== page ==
Your first moves should be to keep your pet indoors and vacuum and comb to sweep up fleas and eggs. Flea collars and sprays may seem like an easy solution, but they often contain chemicals that can harm your pets, your children and you according to NRDC. |
If your pets are indoor-outdoor creatures during the warm months, your home may occasionally be host to fleas or ticks carried by your dog or cat. You cannot rid your companion of fleas by treating him or her alone, (unless you are willing to resort to pesticides). Most of the population lives and develops in your house and yard, not on your pet. Treating the environment is essential if you want to win this war. Chemical flea repellents, in the form of collars or topical treatments, contain pesticides and other toxic ingredients, and can cause severe reactions in many pets (and people). To avoid that risk, there are a number of options that incorporate natural ingredients that are safer for both you and your dog to be exposed to. A holistic vet can provide a wealth of advice about prevention and treatment, but a bit of basic knowledge will help you get ready for flea season.
Protecting your pet from infestations of these disease-carrying parasites can be a tricky business if you use conventional methods. However, taking a natural approach to flea control will help you and your pet rest easy and stay healthy.
One of the key things to remember is that fleas tend to prefer host animals that are weak or not optimally healthy. Because of that fact, it's important that you focus on your dog's overall health and well-being. In short, a healthy body is the centerpiece of a holistic approach to flea control, so maintaining a healthy lifestyle and feeding raw dog food with highly bio-available nutrients should be your priority.
Natural Steps to Take
Wash pet bedding (and your bedding, too, if your pet sleeps with you) in hot, soapy water. Be careful not to lose eggs or fleas when moving the bedding. Any soap works. Vacuum often to remove flea eggs, and replace the vacuum bag frequently. Severe infestations may require professional carpet cleaning with steam.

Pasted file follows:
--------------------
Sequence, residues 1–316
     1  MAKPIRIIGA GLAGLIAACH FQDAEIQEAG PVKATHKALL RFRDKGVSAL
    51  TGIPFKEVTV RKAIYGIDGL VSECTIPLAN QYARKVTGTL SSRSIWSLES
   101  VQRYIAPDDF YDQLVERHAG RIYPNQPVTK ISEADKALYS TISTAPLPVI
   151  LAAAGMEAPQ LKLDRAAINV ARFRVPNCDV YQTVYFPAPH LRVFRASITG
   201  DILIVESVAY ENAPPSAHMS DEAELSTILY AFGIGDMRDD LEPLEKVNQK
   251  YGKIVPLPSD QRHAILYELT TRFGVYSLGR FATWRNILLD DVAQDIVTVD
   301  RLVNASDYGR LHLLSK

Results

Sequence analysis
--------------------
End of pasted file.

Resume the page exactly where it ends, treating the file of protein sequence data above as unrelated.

Comb your pet daily with a fine-toothed flea comb. Dispose of any fleas you find in soapy water. If needed, try products made with essential oils of lemongrass, cedarwood, peppermint, rosemary or thyme, Essential oils. Whether used in a spray (a few drops mixed with water and a carrier oil, then shaken before spraying) or dotted on your dog's collar, essential oils are a powerful way to repel fleas. Some good options are cedar, lemongrass, tea tree, geranium, citronella and lavender. Some companies even make oil blends specifically for flea concerns. If you're applying oils to your dog's collar, use a very light hand and keep in mind that dogs' senses are far more powerful than our own – what simply smells nice to us might be overwhelming to him.. If you are getting a new cat, keep it indoors so that fleas and ticks will not be a problem. Another tip from NRDC is to keep grass and shrubbery trimmed short in areas where your pet spends time. This will increase dryness and sunlight, which will help reduce a flea problem.While not every itch and scratch that your pet has means he has fleas, during the spring, summer and fall, it's wise to pay attention and be vigilant about infestations.
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